Home » What happens to dogs and cats bought during the pandemic

What happens to dogs and cats bought during the pandemic

by admin

05 August 2021 15:22

Here “we recover the animals purchased during the lockdown”Observes Carole Retrou, who manages the Chamarande refuge (in the Essonne region of France), part of the French Society for the Protection of Animals (Spa), a little sadly. The shelter is now very full and the manager explained to AFP that already in May 2021 they had received 23 percent more animals than in 2019, which had already been a record year, and among them the cats have increased by 48. percent.

Seventeen people, including two veterinarians, care for 200 animals, mostly cats and dogs: the dogs sleep in two per cage and the cages are inside fenced areas where they can go out, but the center is now full, Retrou notes, and for the moment it cannot accept others. With a note of disappointment, the manager notes that in the last two years, people have bought pets to have something to do, but now that the holidays resume, it’s up to the shelter to take care of the abandoned ones. In the French parliament, a law has been firm since the beginning of 2021 that should ban the sales of animals online, thus helping adoptions from shelters, and those from breeders.

On July 31, 2021, eight young animals were to arrive from the municipal kennel otherwise destined for euthanasia, and the Spa shelters helped each other to arrange them in adoptive families that the association carefully selects. Puppies find accommodation more easily. Adults, who as soon as they arrive, pass the veterinary visit for possible diseases and for any treatment, they are less sought after. Moreover, in the whole of France between 1 May and 23 July 11,335 abandoned animals were collected by the Spa, more than 7 percent more than in the same period in 2019, and as in other countries, 60 percent of abandoned animals occurred on the highway.

See also  Covid, 559 new infections and three deaths (all in Udine)

Many families bring adopted dogs back to the shelter because they no longer have the money to keep them

In the United States, Mona will soon have to spend a day or two a week alone at home, waiting for Hannah and Richard to return. Adopted last March, it has never known such long separations. But Hannah Peternell, 26 from Brooklyn, isn’t worried. “It has already happened that she was alone for more than a day. She is probably bored, that’s clear, but she can do it ”. What if her employer forces her to go back to the office five days a week? “I would change my job”, she replies firmly. Dachshund Tinto, a resident of Manhattan’s Upper West Side, was not adopted during the pandemic. But by now he was used to the fact that there were parents and three children in the apartment seven days a week. “It was Saturday every day,” remembers Rosaria Baldwin, the hostess. So much so that the first weekend in which Tinto found himself with only the two daughters of the family, “he was depressed, unhappy,” she says, sorry. Now that the house is returning to its pre-pandemic silence, Rosaria is about to adopt a second dachshund, “so she’ll have company.”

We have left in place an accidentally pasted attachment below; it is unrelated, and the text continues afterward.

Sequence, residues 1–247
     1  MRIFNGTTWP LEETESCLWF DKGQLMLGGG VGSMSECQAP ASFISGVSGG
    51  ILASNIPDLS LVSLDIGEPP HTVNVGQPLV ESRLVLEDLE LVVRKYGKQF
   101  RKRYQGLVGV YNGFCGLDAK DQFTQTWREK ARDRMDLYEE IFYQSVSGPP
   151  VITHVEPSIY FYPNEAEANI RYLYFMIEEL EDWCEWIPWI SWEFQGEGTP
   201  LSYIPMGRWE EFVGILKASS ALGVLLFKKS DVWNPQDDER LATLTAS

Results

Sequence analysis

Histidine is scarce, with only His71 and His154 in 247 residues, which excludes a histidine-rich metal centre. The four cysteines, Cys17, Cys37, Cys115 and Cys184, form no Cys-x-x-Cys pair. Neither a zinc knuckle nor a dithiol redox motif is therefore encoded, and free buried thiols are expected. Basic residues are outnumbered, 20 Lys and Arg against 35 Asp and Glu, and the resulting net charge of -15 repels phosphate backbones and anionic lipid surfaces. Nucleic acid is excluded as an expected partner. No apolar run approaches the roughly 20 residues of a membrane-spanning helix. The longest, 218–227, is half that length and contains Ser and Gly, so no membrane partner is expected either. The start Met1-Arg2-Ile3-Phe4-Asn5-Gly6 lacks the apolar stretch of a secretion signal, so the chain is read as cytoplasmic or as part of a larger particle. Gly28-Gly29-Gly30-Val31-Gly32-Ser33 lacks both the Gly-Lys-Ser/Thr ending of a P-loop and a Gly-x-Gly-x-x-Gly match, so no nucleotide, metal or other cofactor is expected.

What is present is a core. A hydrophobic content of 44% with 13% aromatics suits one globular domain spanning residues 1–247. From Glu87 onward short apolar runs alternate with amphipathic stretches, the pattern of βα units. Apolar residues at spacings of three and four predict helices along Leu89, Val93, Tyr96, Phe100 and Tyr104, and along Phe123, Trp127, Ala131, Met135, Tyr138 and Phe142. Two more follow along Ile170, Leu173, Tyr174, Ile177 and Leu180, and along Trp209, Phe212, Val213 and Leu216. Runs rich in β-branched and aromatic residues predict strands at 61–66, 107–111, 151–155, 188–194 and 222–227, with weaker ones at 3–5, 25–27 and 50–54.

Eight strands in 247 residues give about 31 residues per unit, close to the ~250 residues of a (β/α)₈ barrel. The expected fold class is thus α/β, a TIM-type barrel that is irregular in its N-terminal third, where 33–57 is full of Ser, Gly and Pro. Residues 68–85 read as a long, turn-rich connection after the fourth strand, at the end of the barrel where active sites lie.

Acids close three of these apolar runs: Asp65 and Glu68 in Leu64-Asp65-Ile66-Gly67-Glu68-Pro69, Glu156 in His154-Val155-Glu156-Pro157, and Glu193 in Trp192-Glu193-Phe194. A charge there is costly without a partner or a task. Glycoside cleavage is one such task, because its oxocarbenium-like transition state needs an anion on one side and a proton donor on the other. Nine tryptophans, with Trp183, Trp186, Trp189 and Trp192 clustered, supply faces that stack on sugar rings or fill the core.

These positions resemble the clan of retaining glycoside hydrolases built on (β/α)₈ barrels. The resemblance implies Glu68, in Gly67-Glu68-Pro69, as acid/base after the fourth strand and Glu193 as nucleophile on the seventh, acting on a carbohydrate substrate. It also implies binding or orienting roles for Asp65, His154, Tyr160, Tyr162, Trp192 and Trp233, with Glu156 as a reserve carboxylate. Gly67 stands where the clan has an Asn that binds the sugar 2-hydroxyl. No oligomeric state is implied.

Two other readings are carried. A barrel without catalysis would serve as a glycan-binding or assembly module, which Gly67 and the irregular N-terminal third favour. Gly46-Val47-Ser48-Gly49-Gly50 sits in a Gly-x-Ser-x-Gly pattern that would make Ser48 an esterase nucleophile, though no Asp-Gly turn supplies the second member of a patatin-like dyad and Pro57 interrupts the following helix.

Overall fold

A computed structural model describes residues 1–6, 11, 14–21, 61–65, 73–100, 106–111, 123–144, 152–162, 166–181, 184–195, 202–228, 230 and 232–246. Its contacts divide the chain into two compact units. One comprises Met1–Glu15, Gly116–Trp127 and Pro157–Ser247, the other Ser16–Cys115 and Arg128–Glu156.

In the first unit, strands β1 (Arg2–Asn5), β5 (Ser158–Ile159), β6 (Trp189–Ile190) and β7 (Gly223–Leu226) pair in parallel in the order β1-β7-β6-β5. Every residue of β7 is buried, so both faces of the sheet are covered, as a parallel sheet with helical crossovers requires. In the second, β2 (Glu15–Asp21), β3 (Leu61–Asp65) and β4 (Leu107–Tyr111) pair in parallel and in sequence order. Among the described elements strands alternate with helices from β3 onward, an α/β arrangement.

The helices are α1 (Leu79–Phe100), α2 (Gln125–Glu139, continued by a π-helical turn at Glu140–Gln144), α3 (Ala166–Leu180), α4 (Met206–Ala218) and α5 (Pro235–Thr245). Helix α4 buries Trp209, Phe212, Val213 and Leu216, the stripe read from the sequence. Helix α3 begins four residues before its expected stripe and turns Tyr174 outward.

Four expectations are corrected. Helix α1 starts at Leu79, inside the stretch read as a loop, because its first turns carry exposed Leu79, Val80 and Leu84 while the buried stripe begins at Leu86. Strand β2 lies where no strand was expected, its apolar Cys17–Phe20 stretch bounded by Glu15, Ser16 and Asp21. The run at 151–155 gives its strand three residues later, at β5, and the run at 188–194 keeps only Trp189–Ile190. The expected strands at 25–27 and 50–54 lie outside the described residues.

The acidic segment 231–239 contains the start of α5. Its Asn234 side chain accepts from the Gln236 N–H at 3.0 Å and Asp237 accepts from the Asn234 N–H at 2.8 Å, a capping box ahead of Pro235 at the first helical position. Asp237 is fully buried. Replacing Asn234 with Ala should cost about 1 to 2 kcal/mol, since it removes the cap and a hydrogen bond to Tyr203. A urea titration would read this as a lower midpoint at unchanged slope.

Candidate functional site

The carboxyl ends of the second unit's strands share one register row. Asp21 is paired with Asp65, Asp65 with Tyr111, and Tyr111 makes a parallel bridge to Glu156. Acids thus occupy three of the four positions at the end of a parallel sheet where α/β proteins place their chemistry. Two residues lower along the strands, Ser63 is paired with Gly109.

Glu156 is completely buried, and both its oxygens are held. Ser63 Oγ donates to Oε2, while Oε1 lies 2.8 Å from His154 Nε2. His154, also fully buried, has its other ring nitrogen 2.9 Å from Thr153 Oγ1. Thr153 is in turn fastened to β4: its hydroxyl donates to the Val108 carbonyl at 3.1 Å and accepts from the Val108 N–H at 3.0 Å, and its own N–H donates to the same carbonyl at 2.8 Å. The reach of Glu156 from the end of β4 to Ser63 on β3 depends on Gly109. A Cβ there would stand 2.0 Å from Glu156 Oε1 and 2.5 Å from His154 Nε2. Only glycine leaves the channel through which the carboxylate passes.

For others, especially animals that have only experienced the pandemic, the transition isn’t always that easy. Many owners have not given their young dog a training course. “Some people get a puppy and think it will be like their childhood dog, that they will know how to do it,” observes dog trainer Hannah Richter. And a year later, sometimes, “they realize they have problems that become more evident because the animals have grown up, and they are more difficult to educate than a puppy.” But owners also have to do their part, says Richter. “It’s easy enough for me to train a dog,” he said with a smile. “But getting the client to educate him is much more difficult.”

See also  Aifa report on vaccines: eleven cases of thrombosis with four deaths in Italy
commercial break

In the shelter on 110th Street in East Harlem, after the wave of adoptions last year, the backlash has arrived. There is much less demand today, says Katy Hansen, head of communication at Animal Care Centers (ACC).

Worse still, many families are bringing their dogs back to the center, not from pandemic fatigue, Ms Hansen assures, but due to insufficient resources after a financially difficult year. “They are really struggling, they have lost their home or they are moving to a place where there is already a pet,” says Hansen, who also points out that New York property owners have a reputation for often being hostile to pets.

To decrease the flow of returns, the organization has put in place initiatives to provide food for owners or pay for veterinary care. The ACC also offers temporary foster homes, “a short-term solution for families going through a crisis,” explains Katy Hansen, with the aim of getting the animal back at a later date. Last year, ACC shelters hosted, on average, only one hundred animals (dogs, cats and rabbits). Today there are five hundred. “People are vaccinated, they are more comfortable, they are excited about going out,” notes Katy Hansen, “now is the perfect time to adopt a dog.”


You may also like

Leave a Comment

This site uses Akismet to reduce spam. Learn how your comment data is processed.

This website uses cookies to improve your experience. We'll assume you're ok with this, but you can opt-out if you wish. Accept Read More

Privacy & Cookies Policy